Out: On November 28 1984, Boeing began deliveries of the second generation of the legendary 737. The first customer of the new aircraft, the 737-300? US Air, as it was then called. (Piedmont Airlines would take its 737-300 in April 1985.) The 737-300 era at US Airways is now coming to an end. The last of the 124-seat planes will soon to be retired from revenue service by the airline — they’re already out of the schedule but I suppose could still be used as a fill-in for a short period to come. The larger 737-400 — which seats 144 for US Airways and for which Piedmont was the first customer back in 1988 — are still being flown by US Airways but in ever declining numbers. All should be gone from the airlines fleet within about two years or so.
In, eventually, in some form, maybe: Presuming it doesn’t merge with American Airlines, the next big thing for US Airways is the A350, Airbus’ next generation of widebody jet. Airbus is currently planning to build the A350 in versions (lengths): the base -900, which will be introduced first, a stretch -1000, and a shortened -800. The -900, which is an Airbus A330-300 and A340-300 and Boeing 777-200ER replacement, is selling well. The -800 is, however, having issues. Qatar Airways and Libya’s Afriqiyah Airways have recently converted their -800s orders to -900s, cutting the -800 order book from 118 to 92. There’s widespread industry speculation that the -800 will either be delayed, cancelled outright, or redesigned for improved efficiency.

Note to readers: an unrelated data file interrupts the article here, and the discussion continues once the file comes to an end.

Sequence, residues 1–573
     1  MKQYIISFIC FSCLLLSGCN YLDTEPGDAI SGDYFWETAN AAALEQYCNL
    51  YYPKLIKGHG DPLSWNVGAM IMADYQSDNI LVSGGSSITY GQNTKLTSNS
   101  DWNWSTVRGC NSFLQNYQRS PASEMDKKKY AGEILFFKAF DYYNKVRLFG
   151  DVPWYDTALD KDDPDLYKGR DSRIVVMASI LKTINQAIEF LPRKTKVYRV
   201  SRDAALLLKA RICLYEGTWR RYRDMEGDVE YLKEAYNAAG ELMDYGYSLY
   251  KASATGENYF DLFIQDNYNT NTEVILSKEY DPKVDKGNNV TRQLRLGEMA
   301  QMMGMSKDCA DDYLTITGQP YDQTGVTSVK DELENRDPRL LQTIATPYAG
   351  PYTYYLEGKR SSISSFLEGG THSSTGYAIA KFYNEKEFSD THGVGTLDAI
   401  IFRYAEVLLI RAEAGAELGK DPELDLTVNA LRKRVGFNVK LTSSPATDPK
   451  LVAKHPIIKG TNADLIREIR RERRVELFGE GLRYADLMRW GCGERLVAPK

US Airways is tied with Aeroflot as the largest remaining customers for the -800; both have 18 -800 and four -900 on order. US Airway’s 22 A350s are currently due between 2017 and 2019 with 10 being replacements for its old Boeing 767-200ERs. The airline may also choose to use A350s to replace its 9 A330-300, which will be 20 years old by then. The other remaining A350-800 customers are Aircraft Fleet Purchase (12), Asiana Airlines (8 plus 12-900 and 10 -1000), AWAS (2), Hawaiian Airlines (6), ILFC (6 plus 14 -900), Kingfisher (5), Libyan Airlines (4), Tunis Air (3), and Yemenia Yemen Airlines (10). There’s not a lot there — the leasers (AFP, ILFC, AWAS) can and will jump to other types if the -800 continues to struggle for sales, Asiana and Aeroflot could also easily convert to the -900, while Kingfisher is pretty nearly bankrupt.
There are a lot of ways this can turn out, depending upon what Airbus and US Airways choose to do. A conversion by US Airways to other Airbus types is a distinct possibility. I don’t pretend to know what will happen, but however it turns out it will greatly effect the airline’s intercontinental operations.